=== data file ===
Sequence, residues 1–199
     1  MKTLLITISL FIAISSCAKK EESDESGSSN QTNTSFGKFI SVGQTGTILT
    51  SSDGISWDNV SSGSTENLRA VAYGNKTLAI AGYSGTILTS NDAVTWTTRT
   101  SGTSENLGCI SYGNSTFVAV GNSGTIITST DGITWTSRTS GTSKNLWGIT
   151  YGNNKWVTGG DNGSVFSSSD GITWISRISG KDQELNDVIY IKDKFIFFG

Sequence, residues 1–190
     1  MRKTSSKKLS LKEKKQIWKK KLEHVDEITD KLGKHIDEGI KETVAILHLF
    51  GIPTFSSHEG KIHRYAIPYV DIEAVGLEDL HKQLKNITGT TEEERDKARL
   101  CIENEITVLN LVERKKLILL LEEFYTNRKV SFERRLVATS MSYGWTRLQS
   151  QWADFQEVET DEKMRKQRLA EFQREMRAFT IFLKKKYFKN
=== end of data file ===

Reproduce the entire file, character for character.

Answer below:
Sequence, residues 1–199
     1  MKTLLITISL FIAISSCAKK EESDESGSSN QTNTSFGKFI SVGQTGTILT
    51  SSDGISWDNV SSGSTENLRA VAYGNKTLAI AGYSGTILTS NDAVTWTTRT
   101  SGTSENLGCI SYGNSTFVAV GNSGTIITST DGITWTSRTS GTSKNLWGIT
   151  YGNNKWVTGG DNGSVFSSSD GITWISRISG KDQELNDVIY IKDKFIFFG

Sequence, residues 1–190
     1  MRKTSSKKLS LKEKKQIWKK KLEHVDEITD KLGKHIDEGI KETVAILHLF
    51  GIPTFSSHEG KIHRYAIPYV DIEAVGLEDL HKQLKNITGT TEEERDKARL
   101  CIENEITVLN LVERKKLILL LEEFYTNRKV SFERRLVATS MSYGWTRLQS
   151  QWADFQEVET DEKMRKQRLA EFQREMRAFT IFLKKKYFKN